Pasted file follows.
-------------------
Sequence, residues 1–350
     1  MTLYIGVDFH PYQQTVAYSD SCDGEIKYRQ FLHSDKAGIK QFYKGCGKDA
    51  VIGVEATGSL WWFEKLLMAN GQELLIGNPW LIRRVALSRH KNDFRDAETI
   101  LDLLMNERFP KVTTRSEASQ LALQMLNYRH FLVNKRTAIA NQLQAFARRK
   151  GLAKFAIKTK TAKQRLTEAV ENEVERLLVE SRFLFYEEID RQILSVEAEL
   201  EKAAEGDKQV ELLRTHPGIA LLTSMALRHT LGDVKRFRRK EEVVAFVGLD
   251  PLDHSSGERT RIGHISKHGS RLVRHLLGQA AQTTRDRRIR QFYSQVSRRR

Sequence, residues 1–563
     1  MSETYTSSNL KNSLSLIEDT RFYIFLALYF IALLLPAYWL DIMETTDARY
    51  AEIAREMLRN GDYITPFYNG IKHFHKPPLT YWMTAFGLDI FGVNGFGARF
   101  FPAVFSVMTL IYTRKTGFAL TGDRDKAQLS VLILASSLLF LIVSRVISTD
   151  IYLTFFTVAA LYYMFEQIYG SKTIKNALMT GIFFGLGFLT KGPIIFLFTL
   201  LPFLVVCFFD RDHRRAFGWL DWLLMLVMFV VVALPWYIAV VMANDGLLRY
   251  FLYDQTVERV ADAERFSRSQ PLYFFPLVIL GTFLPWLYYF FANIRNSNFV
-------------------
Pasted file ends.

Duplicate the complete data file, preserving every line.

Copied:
Sequence, residues 1–350
     1  MTLYIGVDFH PYQQTVAYSD SCDGEIKYRQ FLHSDKAGIK QFYKGCGKDA
    51  VIGVEATGSL WWFEKLLMAN GQELLIGNPW LIRRVALSRH KNDFRDAETI
   101  LDLLMNERFP KVTTRSEASQ LALQMLNYRH FLVNKRTAIA NQLQAFARRK
   151  GLAKFAIKTK TAKQRLTEAV ENEVERLLVE SRFLFYEEID RQILSVEAEL
   201  EKAAEGDKQV ELLRTHPGIA LLTSMALRHT LGDVKRFRRK EEVVAFVGLD
   251  PLDHSSGERT RIGHISKHGS RLVRHLLGQA AQTTRDRRIR QFYSQVSRRR

Sequence, residues 1–563
     1  MSETYTSSNL KNSLSLIEDT RFYIFLALYF IALLLPAYWL DIMETTDARY
    51  AEIAREMLRN GDYITPFYNG IKHFHKPPLT YWMTAFGLDI FGVNGFGARF
   101  FPAVFSVMTL IYTRKTGFAL TGDRDKAQLS VLILASSLLF LIVSRVISTD
   151  IYLTFFTVAA LYYMFEQIYG SKTIKNALMT GIFFGLGFLT KGPIIFLFTL
   201  LPFLVVCFFD RDHRRAFGWL DWLLMLVMFV VVALPWYIAV VMANDGLLRY
   251  FLYDQTVERV ADAERFSRSQ PLYFFPLVIL GTFLPWLYYF FANIRNSNFV